Good design solutions are not merely physically interesting but are driven by underlying ideas. An idea is a specific mental structure by which we organize, understand, and give meaning to external experiences and information. Without underlying ideas informing their buildings, architects are merely space planners. Space planning with decoration applied to “dress it up” is not architecture; architecture resides in the DNA of a building, in an embedded sensibility that infuses its whole.
#2 + #3 + #6
A figure is an element or shape placed on a page, canvas, or other background. Ground [a.k.a. space] is the space of the page. . . . Space is called negative space if it is unshaped after the placement of figures. It is positive space if it has a shape. . . . We move through negative spaces and dwell in positive spaces.
Suburban buildings are freestanding objects in space. Urban buildings are often shapers of space.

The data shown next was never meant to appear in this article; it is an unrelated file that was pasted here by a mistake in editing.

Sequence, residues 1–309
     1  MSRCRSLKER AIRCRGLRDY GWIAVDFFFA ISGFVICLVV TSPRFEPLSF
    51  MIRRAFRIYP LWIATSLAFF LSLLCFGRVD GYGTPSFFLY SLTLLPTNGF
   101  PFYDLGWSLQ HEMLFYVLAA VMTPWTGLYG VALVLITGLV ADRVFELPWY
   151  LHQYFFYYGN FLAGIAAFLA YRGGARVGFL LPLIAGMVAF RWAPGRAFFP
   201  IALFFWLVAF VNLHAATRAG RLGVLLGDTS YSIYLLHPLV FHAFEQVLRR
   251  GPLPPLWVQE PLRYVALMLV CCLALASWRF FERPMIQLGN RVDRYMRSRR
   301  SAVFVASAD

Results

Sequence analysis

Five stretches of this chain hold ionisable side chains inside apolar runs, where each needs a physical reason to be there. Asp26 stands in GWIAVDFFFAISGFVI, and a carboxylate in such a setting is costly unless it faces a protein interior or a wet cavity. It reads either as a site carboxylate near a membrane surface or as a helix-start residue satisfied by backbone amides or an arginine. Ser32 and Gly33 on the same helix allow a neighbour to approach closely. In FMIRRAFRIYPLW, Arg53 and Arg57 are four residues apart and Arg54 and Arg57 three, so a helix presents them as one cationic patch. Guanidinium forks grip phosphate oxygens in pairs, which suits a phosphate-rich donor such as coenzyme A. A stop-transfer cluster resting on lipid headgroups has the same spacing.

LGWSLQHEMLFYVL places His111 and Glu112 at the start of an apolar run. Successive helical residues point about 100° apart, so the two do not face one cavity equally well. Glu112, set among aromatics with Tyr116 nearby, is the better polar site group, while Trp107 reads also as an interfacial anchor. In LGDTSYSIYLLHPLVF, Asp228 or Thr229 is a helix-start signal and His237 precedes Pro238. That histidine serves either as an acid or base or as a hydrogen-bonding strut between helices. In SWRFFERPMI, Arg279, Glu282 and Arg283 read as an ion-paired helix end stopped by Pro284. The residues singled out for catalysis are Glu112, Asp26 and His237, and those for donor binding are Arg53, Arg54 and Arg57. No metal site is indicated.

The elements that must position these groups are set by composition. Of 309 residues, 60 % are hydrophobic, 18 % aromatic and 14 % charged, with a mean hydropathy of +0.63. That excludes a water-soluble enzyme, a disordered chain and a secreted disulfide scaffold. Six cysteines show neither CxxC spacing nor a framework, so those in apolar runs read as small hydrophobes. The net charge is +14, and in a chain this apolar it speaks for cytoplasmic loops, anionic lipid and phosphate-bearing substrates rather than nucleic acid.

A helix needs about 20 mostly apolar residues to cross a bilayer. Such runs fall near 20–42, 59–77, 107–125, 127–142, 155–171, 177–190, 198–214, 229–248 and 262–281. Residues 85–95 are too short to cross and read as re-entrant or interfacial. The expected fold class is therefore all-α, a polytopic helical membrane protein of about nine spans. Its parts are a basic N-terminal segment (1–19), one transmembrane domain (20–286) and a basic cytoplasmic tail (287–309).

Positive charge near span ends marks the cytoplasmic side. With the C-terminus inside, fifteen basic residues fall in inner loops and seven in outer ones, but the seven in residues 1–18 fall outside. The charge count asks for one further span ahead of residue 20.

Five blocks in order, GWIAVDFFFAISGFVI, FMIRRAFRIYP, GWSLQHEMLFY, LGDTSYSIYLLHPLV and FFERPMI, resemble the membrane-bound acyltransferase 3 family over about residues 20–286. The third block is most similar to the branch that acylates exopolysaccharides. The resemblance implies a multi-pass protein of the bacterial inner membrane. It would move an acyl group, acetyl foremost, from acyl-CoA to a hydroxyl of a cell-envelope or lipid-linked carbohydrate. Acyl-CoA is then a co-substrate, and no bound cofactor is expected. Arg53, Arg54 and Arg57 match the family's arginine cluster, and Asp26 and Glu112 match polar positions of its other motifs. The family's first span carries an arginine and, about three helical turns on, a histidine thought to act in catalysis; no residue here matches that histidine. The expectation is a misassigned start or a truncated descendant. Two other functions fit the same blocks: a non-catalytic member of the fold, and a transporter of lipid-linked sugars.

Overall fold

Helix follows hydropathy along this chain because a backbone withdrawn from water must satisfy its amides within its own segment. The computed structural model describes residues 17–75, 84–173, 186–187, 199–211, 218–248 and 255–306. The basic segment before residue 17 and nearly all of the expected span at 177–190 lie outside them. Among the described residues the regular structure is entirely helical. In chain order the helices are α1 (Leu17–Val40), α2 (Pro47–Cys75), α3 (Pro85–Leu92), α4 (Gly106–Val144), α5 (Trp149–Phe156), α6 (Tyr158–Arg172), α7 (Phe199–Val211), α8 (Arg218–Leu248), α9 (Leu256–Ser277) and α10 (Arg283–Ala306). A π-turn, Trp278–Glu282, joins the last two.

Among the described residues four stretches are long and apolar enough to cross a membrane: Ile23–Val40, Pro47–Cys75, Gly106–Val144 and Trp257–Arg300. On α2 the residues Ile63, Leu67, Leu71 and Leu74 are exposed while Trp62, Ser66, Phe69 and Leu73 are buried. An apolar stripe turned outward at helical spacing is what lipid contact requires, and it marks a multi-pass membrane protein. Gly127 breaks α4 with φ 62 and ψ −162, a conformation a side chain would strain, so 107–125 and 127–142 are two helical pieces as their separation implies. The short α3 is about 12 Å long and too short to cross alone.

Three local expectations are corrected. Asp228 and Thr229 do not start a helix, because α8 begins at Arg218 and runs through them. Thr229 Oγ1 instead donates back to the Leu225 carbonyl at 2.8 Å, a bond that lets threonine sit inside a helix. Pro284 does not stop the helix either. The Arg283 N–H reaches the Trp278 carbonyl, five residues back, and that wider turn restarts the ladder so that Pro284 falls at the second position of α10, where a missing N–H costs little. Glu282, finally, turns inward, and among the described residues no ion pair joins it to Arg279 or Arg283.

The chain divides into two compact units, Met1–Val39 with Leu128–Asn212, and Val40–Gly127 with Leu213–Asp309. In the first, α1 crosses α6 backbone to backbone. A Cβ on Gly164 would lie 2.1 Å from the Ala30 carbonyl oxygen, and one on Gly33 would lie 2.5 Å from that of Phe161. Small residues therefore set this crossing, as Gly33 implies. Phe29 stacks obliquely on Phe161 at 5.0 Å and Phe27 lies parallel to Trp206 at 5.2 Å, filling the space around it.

A tall, bright space will feel taller and brighter if counterpointed by a low-ceilinged, softly lit space. A monumental or sacred space will feel more significant when placed at the end of a sequence of lesser spaces. A room with south-facing windows will be more strongly experienced after one passes through a series of north-facing spaces.
Denial and reward can encourage the formulation of a rich experience. In designing paths of travel, try presenting users a view of their target – a staircase, building entrance, monument, or other element – then momentarily screen it from view as they continue their approach. Reveal the target a second time from a different angle or with an interesting new detail. Divert users onto an unexpected path to create additional intrigue or even momentary lostness; then reward them with other interesting experiences or other views of their target. This additional “work” will make the journey more interesting, the arrival more rewarding.
Every page of 101 is my favorite dark truffle. I’m afraid to read too much at once.